Not only an official could receive honours; their ancestors, descendants, and wives could also be favoured. The Ming Dynasty edict recently acquired by the Asian Library falls in this category.
This edict honours the parents of Zhao Fan (趙範, 1543 – 1617). His father and two mothers share in the achievements of their son, as the enablers of their son’s success. The edict, as translated below by Jelle Kuiper, explicitly states: “Whenever an official ascends to court by accumulating learning, his achievement always originates from his father!”
His mothers are also credited, albeit in a slightly different manner, namely as having married well and as having assisted their husband in creating the atmosphere in which their son could rise to the top rank in the civil service examinations, that of jinshi (進士). Their virtues are lauded as being humble, submissive, and of ‘chaste womanhood’. This rhetoric is representative of its age, echoing the cult of female chastity. This trend arose in sixteenth-century century China as women were expected to remain more and more ‘pure’, by remaining chaste after their husband passed away, or even by committing suicide after being sexually assaulted. Stories like these were widely reported in local gazetteers and the women in question could receive rewards from the state, the so-called jingbiao (旌表). These rewards were not solely honorary but included a monetary gift and the privilege of being exempted from corvée duty. An increasing fixation on these awards reinforced the trend.
Reading the Edict
Zhao Fan was born in Zhangpu (漳浦), Fujian Province (blue circle on the map). He received the jinshi degree in 1571, the highest degree in the imperial examination system. His father Zhao Shukuan (趙叔寬 1505-1574) had two wives, and thus he had two mothers. From this edict, we can infer that Zhao Fan’s biological mother was the second wife. She was married to his father after his first wife had died. In 1574 his father died. After three years of filial mourning (丁憂 dingyou), Zhao Fan was appointed subprefectural magistrate of Cizhou (磁州) in 1577.
Zhao Fan received edicts twice. In the first edict, his late father was conferred the title of subprefectural magistrate of Cizhou, and his biological mother the title of “Great Lady of Suitability” (太宜人 taiyiren).
Then, in 1582, Zhao Fan was promoted to ‘Vice Director of the Shaanxi Bureau in the Ministry of Revenue’. This was the year in which he received the second edict, which our library has acquired. The edict was issued in the imperial capital of Beijing (北京 - red circle on the map). Following the same regulations applied to the former promotion in 1577, his father was bestowed the new title. Similarly, his biological mother received the title ‘Great Lady of Suitability’ for the second time, and his “late mother” (his father’s first wife, deceased), who died before 1577, received the title ‘Lady of Suitability’ (宜人 yiren).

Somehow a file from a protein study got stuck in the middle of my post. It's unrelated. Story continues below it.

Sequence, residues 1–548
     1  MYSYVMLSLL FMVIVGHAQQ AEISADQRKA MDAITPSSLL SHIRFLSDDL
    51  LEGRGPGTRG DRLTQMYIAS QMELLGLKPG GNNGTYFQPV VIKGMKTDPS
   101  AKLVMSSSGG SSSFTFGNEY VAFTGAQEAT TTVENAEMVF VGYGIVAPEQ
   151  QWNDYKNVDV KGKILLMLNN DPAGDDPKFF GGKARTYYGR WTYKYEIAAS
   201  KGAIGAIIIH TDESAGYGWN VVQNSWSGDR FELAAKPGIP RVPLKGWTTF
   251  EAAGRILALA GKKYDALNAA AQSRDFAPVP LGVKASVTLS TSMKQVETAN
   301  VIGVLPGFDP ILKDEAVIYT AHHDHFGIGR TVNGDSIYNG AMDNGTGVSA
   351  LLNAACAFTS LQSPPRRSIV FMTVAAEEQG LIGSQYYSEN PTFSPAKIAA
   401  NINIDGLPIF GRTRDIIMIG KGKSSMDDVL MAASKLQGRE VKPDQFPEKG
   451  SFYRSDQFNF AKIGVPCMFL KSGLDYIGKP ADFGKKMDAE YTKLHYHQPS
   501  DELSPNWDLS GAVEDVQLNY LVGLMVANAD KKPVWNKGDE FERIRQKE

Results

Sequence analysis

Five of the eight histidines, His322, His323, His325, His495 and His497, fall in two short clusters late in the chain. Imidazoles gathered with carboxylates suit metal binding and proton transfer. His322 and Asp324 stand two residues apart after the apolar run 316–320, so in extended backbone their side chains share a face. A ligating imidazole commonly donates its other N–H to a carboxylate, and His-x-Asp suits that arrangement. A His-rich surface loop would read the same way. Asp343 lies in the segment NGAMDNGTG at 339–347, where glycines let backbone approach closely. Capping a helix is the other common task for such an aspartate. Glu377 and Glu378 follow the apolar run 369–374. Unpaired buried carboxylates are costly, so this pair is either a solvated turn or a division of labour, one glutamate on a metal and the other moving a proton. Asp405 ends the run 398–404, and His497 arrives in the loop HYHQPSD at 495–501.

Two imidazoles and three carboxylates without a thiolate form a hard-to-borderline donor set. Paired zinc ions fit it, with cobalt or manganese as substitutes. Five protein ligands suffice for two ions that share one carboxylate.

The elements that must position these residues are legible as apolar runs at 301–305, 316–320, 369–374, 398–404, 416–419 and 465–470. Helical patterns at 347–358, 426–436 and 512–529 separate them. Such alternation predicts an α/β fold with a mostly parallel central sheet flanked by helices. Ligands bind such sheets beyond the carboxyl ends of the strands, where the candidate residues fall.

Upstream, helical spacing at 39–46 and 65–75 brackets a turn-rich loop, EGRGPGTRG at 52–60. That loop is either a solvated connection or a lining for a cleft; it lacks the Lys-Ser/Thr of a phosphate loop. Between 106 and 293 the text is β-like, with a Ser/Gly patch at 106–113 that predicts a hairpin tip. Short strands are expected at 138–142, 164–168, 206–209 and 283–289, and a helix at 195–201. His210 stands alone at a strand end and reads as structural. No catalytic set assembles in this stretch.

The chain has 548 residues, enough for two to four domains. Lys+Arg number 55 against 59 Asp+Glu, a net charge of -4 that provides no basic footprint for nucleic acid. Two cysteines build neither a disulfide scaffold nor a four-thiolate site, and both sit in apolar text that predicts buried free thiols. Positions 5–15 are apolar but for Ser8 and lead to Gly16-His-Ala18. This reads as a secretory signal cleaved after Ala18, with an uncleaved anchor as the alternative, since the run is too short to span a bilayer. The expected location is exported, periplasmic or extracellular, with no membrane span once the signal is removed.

In contrast to the biological mother, Zhao Fan’s “late mother” did not receive a title in the first edict. Probably his official rank was not yet high enough to grant her a title as well. Furthermore, the “late mother” only received the title ‘Lady of Suitability’ in the second edict, whereas the biological mother received the title ‘Great Lady of Suitability’ again. We can find a possible explanation for the difference in the Dynastic History of the Ming Dynasty (Zhang Tingyu 張廷玉, comp., Ming shi 明史). A mother of a fifth-rank official was usually granted the title ‘Great Lady of Suitability’ when the father had died and the mother was still alive. This was the case during Zhao Fan’s first promotion when the biological mother received this title. Then, at his second promotion, his biological mother retained the title she had received during the first promotion, but the “late mother”, because she and the father had died, only received the title ‘Lady of Suitability’.
This post is the successful conclusion of a three-month internship for three BA3 and MA Chinese Studies students at Leiden University: Iks van Eijndhoven (historical context), Mauk Evertse (physical description and provenance of the document) and Jelle Kuiper (description of the content and translation). They were assisted in their work by Marc Gilbert, dr. Lin Fan, Liu Jialong, and Professor Hilde De Weerdt.